Cell transplantation. Animals received cyclosporin A (10 mg/kg/d, s.c.; Bedford Laboratories, Bedford, OH) beginning 1 d before transplantation until the end of the study. Transplantation surgeries occurred 7 d or 10 months after contusion surgery. Immediately before transplant, the cell transplant population was assayed for viability by assessing trypan blue exclusion, and only populations with >95% viability were transplanted. Animals were anesthetized as above, and the laminectomy site was re-exposed. After immobilization of the spinal process rostral to the contusion site, a 10 μl Hamilton syringe (Hamilton, Reno, NV) with a silicon-coated pulled glass tip was lowered into the spinal cord using a stereotactic manipulator arm. Cell suspensions were injected along the midline of the spinal cord at a depth of 1.2 mm into one site 4 mm cranial to the lesion epicenter and one site 4 mm caudal to the lesion epicenter, in a total volume of either 2.5 μl (250,000 cells) or 15 μl (1,500,000 cells) at a rate of 2 μl/min. Animals in which the injected solution was seen to exit from the needle track during injection or after withdrawal of the needle were omitted from the experiment (and are not represented in the experimental numbers). The host spinal cord cranial and caudal to the lesion epicenter was targeted to avoid the epicenter of cavitation, hemorrhagic necrosis, and inflammation, which might decrease cell survival and integration and to target the penumbra of the lesion, which has been shown to contain regions of demyelination (Totoiu and Keirstead, 2005). The needle was removed after 5 min. Control animals received either hFbs at similar concentrations or DMEM vehicle only.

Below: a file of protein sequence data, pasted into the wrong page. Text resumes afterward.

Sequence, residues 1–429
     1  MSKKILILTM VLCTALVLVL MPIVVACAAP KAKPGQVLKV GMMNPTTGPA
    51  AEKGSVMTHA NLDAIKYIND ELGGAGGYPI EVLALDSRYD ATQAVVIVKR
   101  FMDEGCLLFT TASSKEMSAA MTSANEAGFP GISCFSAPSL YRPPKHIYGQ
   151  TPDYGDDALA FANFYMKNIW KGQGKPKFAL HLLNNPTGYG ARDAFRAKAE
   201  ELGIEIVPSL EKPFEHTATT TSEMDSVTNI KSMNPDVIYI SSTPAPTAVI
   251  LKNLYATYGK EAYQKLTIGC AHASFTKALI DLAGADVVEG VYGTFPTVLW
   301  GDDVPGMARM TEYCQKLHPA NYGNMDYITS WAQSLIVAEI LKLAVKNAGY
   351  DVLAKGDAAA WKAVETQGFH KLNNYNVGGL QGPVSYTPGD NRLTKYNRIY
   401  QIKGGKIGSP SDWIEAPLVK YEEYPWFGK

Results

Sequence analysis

Histology. Animals were killed 8 weeks after cell transplantation under pentobarbitone anesthesia by aortic perfusion with 4% glutaraldehyde (Fisher Scientific, Pittsburgh, PA) in 0.1 m phosphate buffer, pH 7.4, for resin processing or 4% paraformaldehyde (Fisher Scientific) in 0.1 m phosphate buffer, pH 7.4, for cryostat processing. Resin sections were used to determine the number of remyelinated axons and the gross pathology of the transplant environment. Cryostat sections were used to determine the spread of bromodeoxyuridine (BrdU) and bisbenzimide-prelabeled transplanted cells, the distribution of anti-human immunostained cells, the differentiation profile of transplanted cells, and morphometric assessments of tissue sparing/loss.